A/N: A special birthday update. Still in Palau, weather gorgeous. Beautiful country, oh yes.

Laughter. I swear I can hear the Professor and Veronica's laughter.

Evil bastards. I hate them. I will discredit them before everyone and then rip them into little pieces and then stomp up and down on them and then I'll get out the flame-thrower and then I'll get creative!

There's a stab of pain on my hand, a burst of orange flame, gone as soon as I look. Strange. Still, what the fuck is normal now?

My head hurts.

I need Izzy, I really do. Hey, her dad's Commissioner of Police! He can lend me a TOW launcher or some fragmentation grenades. Ooh, what fun…

"Izzzzzzzzzzzzzzyyyyy!" I wail.

She raises an eyebrow, and then sees I'm serious. Her face changes to concern. "What is it, Siggy? What's happened? Oh, here, come inside. Sit down now." She bustles around the room, comfortable and homely, slightly cluttered but none the worse for that, and soon the welcome hiss of a kettle can be heard before she comes in bearing an exquisite silver tray and teapot, steaming faintly. "You're in no state to be Mother," she observes dryly, carefully pouring Darjeeling into a cup.

"Here." I take it and sip gratefully. Tea. Where would I be without tea? All to pieces over my floor, ready to be stomped on by the Virus.

My wails have died to hiccupping sobs. I don't want to leave my college! My precious, precious college! My shield against the dreadful city!

"Now, what is it?"

"The Virus!" I moaned, sipping my tea and inhaling the fumes. "I'm going to have to leave the damn college!"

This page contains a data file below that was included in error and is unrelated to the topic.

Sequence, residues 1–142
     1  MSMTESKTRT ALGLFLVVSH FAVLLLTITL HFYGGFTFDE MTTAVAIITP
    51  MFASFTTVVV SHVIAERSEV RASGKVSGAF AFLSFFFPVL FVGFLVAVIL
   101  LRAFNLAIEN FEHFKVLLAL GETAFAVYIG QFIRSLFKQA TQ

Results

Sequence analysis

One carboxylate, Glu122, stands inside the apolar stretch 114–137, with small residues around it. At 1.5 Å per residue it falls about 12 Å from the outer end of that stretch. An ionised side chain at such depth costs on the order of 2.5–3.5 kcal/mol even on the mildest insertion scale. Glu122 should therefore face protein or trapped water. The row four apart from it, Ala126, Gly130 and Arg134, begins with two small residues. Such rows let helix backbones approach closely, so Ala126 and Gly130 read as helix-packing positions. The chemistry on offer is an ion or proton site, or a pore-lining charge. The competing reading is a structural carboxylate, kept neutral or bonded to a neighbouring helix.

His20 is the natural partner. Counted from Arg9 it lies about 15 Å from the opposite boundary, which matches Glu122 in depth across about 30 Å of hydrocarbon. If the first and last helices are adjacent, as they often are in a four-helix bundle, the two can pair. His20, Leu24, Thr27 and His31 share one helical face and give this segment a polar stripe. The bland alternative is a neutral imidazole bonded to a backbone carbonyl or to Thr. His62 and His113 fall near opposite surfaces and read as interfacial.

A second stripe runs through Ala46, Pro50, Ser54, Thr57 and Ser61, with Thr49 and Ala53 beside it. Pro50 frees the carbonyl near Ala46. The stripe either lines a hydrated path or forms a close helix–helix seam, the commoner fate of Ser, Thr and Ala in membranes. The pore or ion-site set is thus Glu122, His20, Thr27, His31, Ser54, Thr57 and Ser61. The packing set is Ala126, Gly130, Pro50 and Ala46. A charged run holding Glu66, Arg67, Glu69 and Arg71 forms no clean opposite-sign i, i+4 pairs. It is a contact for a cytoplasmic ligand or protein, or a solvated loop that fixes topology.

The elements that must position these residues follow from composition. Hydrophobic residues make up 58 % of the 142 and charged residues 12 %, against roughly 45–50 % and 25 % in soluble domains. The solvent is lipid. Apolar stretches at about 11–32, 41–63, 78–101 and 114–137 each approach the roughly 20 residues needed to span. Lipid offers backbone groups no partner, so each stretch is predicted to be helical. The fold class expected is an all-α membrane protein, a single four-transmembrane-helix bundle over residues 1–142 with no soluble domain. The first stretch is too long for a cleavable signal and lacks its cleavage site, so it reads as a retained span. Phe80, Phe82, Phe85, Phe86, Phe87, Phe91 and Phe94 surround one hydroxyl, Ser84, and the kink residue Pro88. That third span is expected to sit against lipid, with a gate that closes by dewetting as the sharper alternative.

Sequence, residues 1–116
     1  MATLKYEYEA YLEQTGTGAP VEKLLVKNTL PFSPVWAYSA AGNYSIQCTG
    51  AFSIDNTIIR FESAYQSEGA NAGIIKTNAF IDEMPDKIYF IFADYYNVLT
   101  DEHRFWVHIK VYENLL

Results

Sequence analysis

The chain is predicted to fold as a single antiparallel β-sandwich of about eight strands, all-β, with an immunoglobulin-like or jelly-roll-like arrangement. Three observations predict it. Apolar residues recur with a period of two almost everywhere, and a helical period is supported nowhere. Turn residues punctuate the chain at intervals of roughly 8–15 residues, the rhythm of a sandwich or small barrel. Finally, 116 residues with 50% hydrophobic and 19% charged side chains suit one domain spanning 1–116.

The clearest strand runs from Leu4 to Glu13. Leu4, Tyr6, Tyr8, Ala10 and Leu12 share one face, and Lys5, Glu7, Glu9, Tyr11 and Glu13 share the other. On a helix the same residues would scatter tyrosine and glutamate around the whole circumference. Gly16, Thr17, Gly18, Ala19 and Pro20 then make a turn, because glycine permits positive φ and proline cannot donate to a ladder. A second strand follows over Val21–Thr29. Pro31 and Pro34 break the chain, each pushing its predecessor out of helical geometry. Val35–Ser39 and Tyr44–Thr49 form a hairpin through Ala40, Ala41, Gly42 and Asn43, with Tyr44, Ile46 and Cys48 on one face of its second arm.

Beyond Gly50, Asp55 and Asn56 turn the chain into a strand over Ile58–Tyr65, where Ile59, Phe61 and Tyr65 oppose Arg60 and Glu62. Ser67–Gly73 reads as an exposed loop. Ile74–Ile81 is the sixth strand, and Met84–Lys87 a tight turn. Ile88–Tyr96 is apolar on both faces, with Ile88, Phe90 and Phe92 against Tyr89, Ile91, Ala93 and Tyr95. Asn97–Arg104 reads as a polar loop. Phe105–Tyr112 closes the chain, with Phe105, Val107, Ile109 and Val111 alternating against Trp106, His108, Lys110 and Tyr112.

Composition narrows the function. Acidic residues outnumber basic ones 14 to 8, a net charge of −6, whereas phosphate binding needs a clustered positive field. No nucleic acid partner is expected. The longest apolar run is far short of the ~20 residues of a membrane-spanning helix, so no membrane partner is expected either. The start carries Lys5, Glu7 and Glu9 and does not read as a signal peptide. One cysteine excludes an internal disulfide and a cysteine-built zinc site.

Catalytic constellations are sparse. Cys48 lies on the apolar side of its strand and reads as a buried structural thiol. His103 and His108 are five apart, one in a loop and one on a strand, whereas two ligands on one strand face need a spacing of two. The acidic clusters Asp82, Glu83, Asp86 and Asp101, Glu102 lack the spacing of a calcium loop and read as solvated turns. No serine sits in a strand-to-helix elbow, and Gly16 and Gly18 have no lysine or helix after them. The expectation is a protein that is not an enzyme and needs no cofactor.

"Because I walked in on the Virus and Robertson at it like rabbits and they've twisted it round to make me look bad – like I was harassing her!"

Izzy tutted in sympathy. "And what are you going to do about it?"

My anger rose, against the weakening adamant walls. "They are fools," I told her calmly. "Utter fools who have no idea of whom they are meddling with. They play their petty games of power with me and I will not have it! I will see them all roast in the deepest pits of hell! I shall send them there myself, have no fear, and they shall regret what they have done to me!" I think I might be shouting.

I would have said more, told her more, but a hand is clamped across my mouth, forcing a pill inside. I try to bite down; but Izzy is skilled and avoids my teeth. She's conspiring against me! She's in league with the Virus, she must be, what other reason could she have for this betrayal? What does she hope to gain from it? What did they offer her – have they blackmailed her? They will all die! I shall have them all slaughtered I shall…

I shall…

I'm drifting – the world is all the shades of crystal again and words sound like chimes. Heh…chimes, climbs, pines… Jingle, jingle, jingle. I giggled, in a haze.

I blink. The sun is a lot lower in the window, the sky painted red. Izania looks tired, too, drained.

"You haven't been taking your medication," she says flatly.